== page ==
It all sounds like terrific fun, and it sort of is. But it's also very limited. It's not more than a few games before it becomes clear that as a strategy game it doesn't quite work. You're either keeping a low profile and thus not doing all that much, or you're causing enough open devastation that the people quickly retaliate and there's not all that much you can do but massacre everyone. Which leads into another problem: massacring everyone is boring and easy. Be it by poisoning the well or burning and crushing with spells and raids, it's plain brutish compared to the schadenfreude of manipulating them into destroying themselves with suspicion and resentment, which really feels like it should have been the main focus of the game. I mean, what sounds more fiendish to you: burning down the village, or afflicting a farmer with kleptomania, whispering shameful secrets in the miner's ear every night, and spreading rumours of vampires in the neighbouring village until they start a feud, unaware that the real vampire is their own priest?

An overview of a village at night in Ruinarch, showing what each of the inhabitants are doing
Orcs moving to attack a settlement at night in Ruinarch
Image credit: Squeaky Wheel Studio, Rock Paper Shotgun

Even doing all that, you'll soon find that the AI makes things rather unreliable. Your own cultists wander off to pray in secret, generating orbs for you, but will sometimes do it in plain sight and get themselves killed. Minions you send to kidnap someone will walk directly through a town square on the way out. A bandit you carefully nurtured will attempt to attack an entire village on her own. It all gets a bit repetitive, too, as fun as the chaos is. Most of the interesting powers come with lengthy cooldowns, thus a lot of waiting around, and your resource management feels perfunctory - mana powers most things but regenerates automatically, which, fine. The other two resources are so abstract that I can't even remember which is which, nor why they're separate save that one of them (I want to say 'spirit energy'?) is required to upgrade your portal. But it's also used to build, which means building more than the bare minimum base just slows you down, to little benefit (the best defence by far is simply not letting anyone get close, rather than hope your rather stupid lackeys happen to blunder into an intruder).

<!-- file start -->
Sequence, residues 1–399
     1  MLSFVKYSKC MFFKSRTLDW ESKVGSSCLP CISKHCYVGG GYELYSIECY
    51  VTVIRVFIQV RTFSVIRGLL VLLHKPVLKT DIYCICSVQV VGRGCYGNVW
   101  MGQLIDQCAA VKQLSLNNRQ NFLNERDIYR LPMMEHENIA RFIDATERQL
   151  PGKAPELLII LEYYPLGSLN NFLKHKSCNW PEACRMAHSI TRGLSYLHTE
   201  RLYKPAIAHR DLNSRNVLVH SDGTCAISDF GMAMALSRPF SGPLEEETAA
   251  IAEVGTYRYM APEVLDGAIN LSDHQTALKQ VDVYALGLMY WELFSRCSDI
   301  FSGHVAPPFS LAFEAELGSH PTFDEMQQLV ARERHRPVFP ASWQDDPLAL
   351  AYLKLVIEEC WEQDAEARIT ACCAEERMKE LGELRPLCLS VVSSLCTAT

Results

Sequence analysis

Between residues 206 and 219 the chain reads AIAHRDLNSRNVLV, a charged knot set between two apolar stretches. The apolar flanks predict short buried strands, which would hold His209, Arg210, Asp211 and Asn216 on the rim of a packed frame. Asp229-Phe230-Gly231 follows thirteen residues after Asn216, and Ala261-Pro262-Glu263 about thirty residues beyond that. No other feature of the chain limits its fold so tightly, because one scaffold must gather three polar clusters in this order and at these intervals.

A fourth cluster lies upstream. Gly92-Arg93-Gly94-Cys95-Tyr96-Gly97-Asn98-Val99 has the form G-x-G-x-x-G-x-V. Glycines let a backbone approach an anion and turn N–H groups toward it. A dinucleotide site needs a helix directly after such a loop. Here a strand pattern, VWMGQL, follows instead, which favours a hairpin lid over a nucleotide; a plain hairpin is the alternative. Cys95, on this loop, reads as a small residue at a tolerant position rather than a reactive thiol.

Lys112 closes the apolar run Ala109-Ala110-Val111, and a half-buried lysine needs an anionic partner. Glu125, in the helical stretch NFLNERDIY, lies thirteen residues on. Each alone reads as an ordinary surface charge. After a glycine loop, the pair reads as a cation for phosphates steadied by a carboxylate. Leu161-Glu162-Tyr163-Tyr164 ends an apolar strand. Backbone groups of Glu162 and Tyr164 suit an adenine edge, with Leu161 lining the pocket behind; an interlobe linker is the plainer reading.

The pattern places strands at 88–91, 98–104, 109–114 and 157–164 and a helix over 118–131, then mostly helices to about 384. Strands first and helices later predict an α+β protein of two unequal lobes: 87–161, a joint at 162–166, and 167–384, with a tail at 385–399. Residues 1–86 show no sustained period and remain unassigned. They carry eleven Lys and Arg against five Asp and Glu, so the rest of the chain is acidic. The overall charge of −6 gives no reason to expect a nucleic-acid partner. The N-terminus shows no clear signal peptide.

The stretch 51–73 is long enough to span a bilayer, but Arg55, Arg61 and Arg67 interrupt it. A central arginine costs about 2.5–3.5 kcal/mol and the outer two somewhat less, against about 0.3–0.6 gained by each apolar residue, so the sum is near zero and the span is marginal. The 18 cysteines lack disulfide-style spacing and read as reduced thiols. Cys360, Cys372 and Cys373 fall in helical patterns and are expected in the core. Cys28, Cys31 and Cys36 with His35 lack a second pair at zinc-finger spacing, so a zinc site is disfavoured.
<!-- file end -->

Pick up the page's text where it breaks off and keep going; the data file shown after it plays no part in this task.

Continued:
To its credit, Ruinarch tries to prevent complacency by limiting how many chaos orbs any given activity generates, forcing you to vary your tactics a little. But it still feels like it's failed to solve the fundamental problem: asymmetrical strategy games are really hard to make compelling as more than entertaining toys. Strategy players, perhaps even more than most, are prone to doing what's most efficient rather than most in character or funny, and Ruinarch just feels dissatisfying and unfocussed if you're not playing it just to see what you can get the ants to do. Even winning a game often feels anticlimactic

Shadows of Forbidden Gods has this problem to a degree too, but its gods are more distinct and varied, and its use of a Chosen One nemesis character gives it direction where Ruinarch gives you another guy you can just kidnap or blast with lightning. Skyward Collapse was similarly boring if played efficiently and cautiously, but its system of unleashing chaos and countering it with more chaos gave it a momentum that Ruinarch lacks.

Two villagers flirting and sharing intel in Ruinarch
Image credit: Squeaky Wheel Studio, Rock Paper Shotgun

There's definitely room for more games to explore this sort of subtle strategy scheming. Not just (or necessarily) being the baddies, but really having to play a different game to your victims. AI War comes to mind, perhaps counter-intuitively, as it's all about building up in secret, but that comes with constant pushback and localised resistance, so you're always fighting and planning rather than waiting around. It's a difficult thing for strategy games in particular to get to grips with though, and often antithetical to the typical power fantasy most players expect. That perhaps puts such games at a disadvantage to begin with, especially in the era of algorithm worship, where niche games can be obliterated just by picking up the wrong audience.

That appears to have happened to Ruinarch, unfortunately, judging by the absolutely brutal plummet in approval it's had from Steam users since release. Many accuse it of being "abandoned" (it's clearly not), or released too early (it... probably was?), but a consistent sense of disappointment abounds. I'd love to defiantly declare here that everyone's wrong and this is a misunderstood work of genius, but while I think it deserves better than it's currently getting, it does feel like its loose design has failed to do justice to its ideas.

It's a damn shame. Maybe the whole 'evil overlord' concept works best exactly as in Dungeon Keeper; as an entirely thematic dressing for a conventional design. Perhaps screwing with the AI and cackling is always going to be a software toy rather than a game in the typical sense, and Ruinarch is at least fun if approached in that way. But there's the germ of something almost entirely new in there, and I hope some future studio manages to bring it to light.